Other subjects she has tackled include the destruction of Beirut’s architectural heritage, and street vendors and their makeshift shelters.
“There’s no such thing as the right time to start out as an artist, it takes a lot of determination,” said Atallah. “But since I’ve started I’ve discovered a lot of different artists from this region. There’s a very rich art scene.”
3. Eman Mohammed, Palestinian Territories, born 1989
Mohammed says she is the only Palestinian woman working as a photojournalist in Gaza and says she has faced prejudice over her career choice.
She began covering the Palestinian-Israeli conflict as a teenager in 2006 and has gained an international reputation for her work, which includes images of air strikes, funerals of militants, and Gaza’s deep-sea fishermen.
Mohammed won the 2009 Carmignac Gestion Judges’ Special Prize, received an honorable mention in UNICEF’s 2009 Photo of the Year contest and has been part of collective exhibitions in the United States, Canada, Israel, Ireland and the Netherlands.
4. Babak Kazemi, Iran, born 1983
Kazemi, a graphic-design graduate, makes unusual and often surreal photographic collages. His work includes vintage-style sepia photographs superimposed with brightly colored Disney images of Mickey and Minnie Mouse.
He experiments with a technique called petroleum printing, involving immersing collages in petroleum products.
5. Saeed Salem, Yemen, born 1984
Salem, of Yemeni descent, was born in Jeddah, Saudi Arabia, and – after studying abroad – has set up a photographic studio there called 181 Degrees.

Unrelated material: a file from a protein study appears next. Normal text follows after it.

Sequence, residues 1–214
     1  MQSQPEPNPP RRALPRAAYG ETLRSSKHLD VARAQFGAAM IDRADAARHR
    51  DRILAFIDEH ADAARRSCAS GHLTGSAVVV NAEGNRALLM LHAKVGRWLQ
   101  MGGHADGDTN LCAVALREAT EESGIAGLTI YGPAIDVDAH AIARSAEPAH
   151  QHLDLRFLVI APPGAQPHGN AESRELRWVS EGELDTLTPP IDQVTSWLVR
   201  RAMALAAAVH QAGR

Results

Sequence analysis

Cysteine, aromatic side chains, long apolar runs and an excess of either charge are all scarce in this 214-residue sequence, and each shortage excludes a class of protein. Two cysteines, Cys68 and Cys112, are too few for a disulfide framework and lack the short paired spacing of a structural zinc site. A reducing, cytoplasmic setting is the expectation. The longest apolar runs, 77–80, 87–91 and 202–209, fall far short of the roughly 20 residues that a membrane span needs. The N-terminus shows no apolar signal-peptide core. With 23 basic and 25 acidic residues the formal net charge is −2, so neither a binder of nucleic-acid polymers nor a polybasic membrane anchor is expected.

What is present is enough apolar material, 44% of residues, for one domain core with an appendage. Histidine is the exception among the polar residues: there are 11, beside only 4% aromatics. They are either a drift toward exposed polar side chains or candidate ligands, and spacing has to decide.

In his series Neonland, he explores the bright lights of Jeddah’s cosmopolitan city center. In exhibition publicity he said: “These neon kiosks are a symbol of Jeddah … they are iconic and you only find them in this city … It’s like a mini hypermarket.
“To me, they symbolize both the old Arabic culture: a place to meet and talk; as well as something very futuristic.”
6. Abdalla Omari, Syria, born 1986
Painter and filmmaker Omari, from Damascus, is one of the few people on this list already working full-time as an artist.
Omari has made and collaborated in animation films, series and video arts and took part in the 2010 Damascus International Cinema Festival.
7. Ali Taptik, Turkey, born 1983
Taptik, from Istanbul, is working on a Masters thesis on the history of architecture and taught himself photography.
His series “Accident and Fate” is a narrative on urban life, exploring relationships, places, people, emotions and coincidences.
8. Navid Azimi Sajadi, Iran, born 1982
Sajadi, who describes himself as an iconoclast, works through painting, photography, installation and sculpture.
He uses symbols from his Iranian heritage as well as Middle Eastern stereotypes shown in Western media.
9. Rhea Karam, Lebanon, born 1982
Rhea Karam was born in Beirut, grew up in France and is now based in New York, where she graduated from the International Center of Photography.
She has exhibited internationally and won awards including the Best of Show at the 2011 Colorado Photographic Arts Center juried exhibition.
10. Lamya Gargash, United Arab Emirates, born 1982
Gargash’s photographs document the forgotten public and private spaces in Emirati society and capture the notion of hospitality and the politics of interior design.
As well as taking part in numerous photography exhibitions, Gargash has won awards for her film-making. Gargash was the featured artist at the inaugural UAE Pavilion of the Venice Biennale in 2009.